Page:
Pittsburgh Has a Particle Pollution Problem
The air quality in Pittsburgh is among the worst in the country, but you can protect the air you breathe in your home. ROCIS presents the following overview of particle pollution and what you can do about it indoors.
First, a recap of the problem:
What is particle pollution?
- Particles are a major category of air pollution found outdoors and indoors, resulting from many different processes including burning fuel and atmospheric chemical reactions. The chemical makeup of particle pollution varies, and the particles can bind to other kinds of air pollutants.
Why does particle pollution matter? Read the presentation below to find out more:
Particle Pollution Solutions
There are many solutions that can minimize indoor particles, at a range of associated costs. Some solutions only require a change in habits. Other solutions require investing in a new appliance or hiring a professional.
Filter your Indoor Air Using a Homemade Filter Fan
- Consider using a DIY filter fan made from a furnace filter taped to a box fan. These homemade air filtration devices can be very effective and cost a fraction of portable air cleaners. Instructions for making a DIY filter fan are available here.
Consider indoor and outdoor air quality when opening windows
Purchase a portable air cleaner
- Invest in a correctly-sized portable air cleaner with a HEPA filter, and run it continuously. Read the EPA’s guide to air cleaners in the home: Guide to Air Cleaners in the Home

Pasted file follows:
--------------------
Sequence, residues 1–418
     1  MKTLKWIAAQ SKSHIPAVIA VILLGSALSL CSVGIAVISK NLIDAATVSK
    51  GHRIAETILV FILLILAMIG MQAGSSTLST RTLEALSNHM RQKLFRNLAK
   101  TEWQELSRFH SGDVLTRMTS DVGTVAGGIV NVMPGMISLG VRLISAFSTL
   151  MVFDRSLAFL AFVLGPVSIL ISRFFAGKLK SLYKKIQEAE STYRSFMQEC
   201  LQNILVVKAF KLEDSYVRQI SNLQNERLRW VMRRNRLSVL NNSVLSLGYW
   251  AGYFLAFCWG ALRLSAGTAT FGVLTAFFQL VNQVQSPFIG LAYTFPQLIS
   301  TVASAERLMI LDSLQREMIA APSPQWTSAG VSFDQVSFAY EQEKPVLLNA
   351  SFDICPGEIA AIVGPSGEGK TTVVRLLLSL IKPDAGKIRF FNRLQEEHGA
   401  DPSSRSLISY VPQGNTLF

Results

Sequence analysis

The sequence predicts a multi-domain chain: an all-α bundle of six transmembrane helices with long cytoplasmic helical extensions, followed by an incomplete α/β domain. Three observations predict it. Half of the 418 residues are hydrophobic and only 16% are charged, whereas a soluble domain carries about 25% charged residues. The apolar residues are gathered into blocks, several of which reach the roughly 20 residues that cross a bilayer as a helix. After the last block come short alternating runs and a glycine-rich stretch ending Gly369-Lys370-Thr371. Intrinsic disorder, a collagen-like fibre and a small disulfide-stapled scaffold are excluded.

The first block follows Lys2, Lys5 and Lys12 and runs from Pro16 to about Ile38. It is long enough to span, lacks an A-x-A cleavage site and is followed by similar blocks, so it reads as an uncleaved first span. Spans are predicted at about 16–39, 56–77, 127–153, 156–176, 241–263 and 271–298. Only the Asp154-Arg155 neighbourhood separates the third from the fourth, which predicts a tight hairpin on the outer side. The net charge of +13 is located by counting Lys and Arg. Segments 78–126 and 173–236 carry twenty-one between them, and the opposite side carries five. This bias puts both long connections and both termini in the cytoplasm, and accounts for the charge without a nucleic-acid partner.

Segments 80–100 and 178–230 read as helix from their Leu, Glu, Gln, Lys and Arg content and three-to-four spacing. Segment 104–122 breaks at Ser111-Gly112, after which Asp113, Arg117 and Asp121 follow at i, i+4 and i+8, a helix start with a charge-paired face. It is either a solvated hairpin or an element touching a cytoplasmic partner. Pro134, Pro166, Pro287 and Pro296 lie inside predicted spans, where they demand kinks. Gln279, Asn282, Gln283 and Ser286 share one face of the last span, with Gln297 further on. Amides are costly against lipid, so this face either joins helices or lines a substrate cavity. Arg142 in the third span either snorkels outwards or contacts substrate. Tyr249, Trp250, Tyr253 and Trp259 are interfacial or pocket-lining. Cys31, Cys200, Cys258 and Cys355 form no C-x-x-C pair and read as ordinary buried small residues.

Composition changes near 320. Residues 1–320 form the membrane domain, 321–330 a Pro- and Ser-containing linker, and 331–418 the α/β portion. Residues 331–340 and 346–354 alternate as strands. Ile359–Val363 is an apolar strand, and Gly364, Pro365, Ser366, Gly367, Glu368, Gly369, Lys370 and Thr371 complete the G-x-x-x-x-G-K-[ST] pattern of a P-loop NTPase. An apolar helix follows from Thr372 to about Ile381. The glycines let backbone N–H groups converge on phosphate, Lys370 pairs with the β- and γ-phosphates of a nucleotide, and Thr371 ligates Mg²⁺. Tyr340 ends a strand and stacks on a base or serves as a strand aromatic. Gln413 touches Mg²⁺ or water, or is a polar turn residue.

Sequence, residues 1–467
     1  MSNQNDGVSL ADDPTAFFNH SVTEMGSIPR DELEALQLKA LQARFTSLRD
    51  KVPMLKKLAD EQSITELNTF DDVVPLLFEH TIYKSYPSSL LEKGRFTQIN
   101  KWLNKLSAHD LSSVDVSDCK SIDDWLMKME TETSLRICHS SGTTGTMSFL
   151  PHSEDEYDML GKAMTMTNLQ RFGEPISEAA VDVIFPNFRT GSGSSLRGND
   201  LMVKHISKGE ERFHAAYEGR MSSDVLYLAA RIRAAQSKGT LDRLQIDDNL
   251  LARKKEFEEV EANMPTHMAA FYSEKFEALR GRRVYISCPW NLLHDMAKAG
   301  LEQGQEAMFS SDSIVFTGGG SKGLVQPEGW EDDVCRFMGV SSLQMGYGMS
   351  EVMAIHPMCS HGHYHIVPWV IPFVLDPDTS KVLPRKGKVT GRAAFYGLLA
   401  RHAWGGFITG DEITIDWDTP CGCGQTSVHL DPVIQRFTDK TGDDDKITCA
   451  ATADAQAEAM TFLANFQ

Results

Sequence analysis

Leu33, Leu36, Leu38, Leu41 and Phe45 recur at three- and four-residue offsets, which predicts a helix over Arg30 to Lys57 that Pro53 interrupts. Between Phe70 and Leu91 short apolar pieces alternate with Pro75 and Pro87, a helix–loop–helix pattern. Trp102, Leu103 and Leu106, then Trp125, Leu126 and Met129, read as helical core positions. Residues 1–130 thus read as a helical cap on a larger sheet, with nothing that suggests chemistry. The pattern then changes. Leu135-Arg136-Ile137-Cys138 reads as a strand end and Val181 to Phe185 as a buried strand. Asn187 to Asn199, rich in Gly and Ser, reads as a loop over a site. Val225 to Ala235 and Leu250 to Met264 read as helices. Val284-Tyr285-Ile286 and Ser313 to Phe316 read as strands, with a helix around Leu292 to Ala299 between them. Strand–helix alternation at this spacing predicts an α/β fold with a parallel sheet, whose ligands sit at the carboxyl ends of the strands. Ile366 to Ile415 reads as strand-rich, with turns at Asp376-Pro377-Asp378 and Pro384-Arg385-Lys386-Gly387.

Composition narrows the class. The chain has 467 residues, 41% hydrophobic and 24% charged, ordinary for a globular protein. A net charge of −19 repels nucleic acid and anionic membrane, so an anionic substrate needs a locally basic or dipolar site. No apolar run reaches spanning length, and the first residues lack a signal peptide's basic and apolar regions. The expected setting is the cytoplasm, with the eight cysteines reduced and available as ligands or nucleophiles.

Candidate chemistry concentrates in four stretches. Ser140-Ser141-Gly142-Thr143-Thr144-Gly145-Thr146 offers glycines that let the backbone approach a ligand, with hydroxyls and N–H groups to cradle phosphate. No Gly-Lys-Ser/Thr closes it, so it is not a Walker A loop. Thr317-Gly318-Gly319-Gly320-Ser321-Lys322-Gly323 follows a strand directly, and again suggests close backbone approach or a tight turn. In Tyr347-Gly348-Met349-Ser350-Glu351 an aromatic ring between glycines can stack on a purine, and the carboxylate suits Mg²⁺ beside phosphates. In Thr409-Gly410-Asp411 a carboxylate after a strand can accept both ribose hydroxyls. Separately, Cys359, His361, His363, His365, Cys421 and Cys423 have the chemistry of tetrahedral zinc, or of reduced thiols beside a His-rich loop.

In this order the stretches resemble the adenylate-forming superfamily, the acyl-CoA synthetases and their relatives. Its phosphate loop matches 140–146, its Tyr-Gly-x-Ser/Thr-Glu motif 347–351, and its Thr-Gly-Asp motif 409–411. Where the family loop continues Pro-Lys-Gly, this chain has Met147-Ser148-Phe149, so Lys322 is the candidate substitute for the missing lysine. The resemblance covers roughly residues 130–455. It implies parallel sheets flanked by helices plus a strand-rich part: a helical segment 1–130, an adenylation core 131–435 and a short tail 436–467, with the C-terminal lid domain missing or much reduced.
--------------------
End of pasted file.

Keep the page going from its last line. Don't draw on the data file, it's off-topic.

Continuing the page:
Complete an air handler intervention
Purchase a range hood
Skeptical about whether these solutions can actually make a difference?
View Frequently Asked Questions (PDF) and findings from previous ROCIS cohorts.
ROCIS FAQ: I live in the suburbs of Pittsburgh – do I really need to pay attention to my outdoor air quality?
Yes. Here’s an example from a ROCIS Cohort in February 2020. Each colored line in the graph below represents the outdoor air quality of a different location, including Upper St. Clair, Clairton, Squirrel Hill, and Moon Township. Notice how the air quality rises and falls in unison across the Pittsburg area.
“Our house is on the southern border of Mt. Lebanon next to a small woods…Most of the time, the air looks and smells OK. If I didn’t have measurement tools, I wouldn’t know it is not very healthy most of the time.” – Preston, ROCIS participant
ROCIS Low Cost Monitoring Project (LCMP) Virtual Cohorts
Participants in the ROCIS virtual cohorts receive a monitoring kit on their doorstep or via mail. The kit includes monitors for particles, carbon monoxide, carbon dioxide, and radon. During the one-month-long cohort, participants monitor their indoor and outdoor air and receive weekly feedback on their results. Each week, they attend two weekly online ROCIS meetings, with the option of attending in the morning or evening. As usual, all household members are welcome to participate! During the monitoring period, ROCIS participants can test the effectiveness of ROCIS-loaned equipment, including portable air cleaners and DIY filter fans.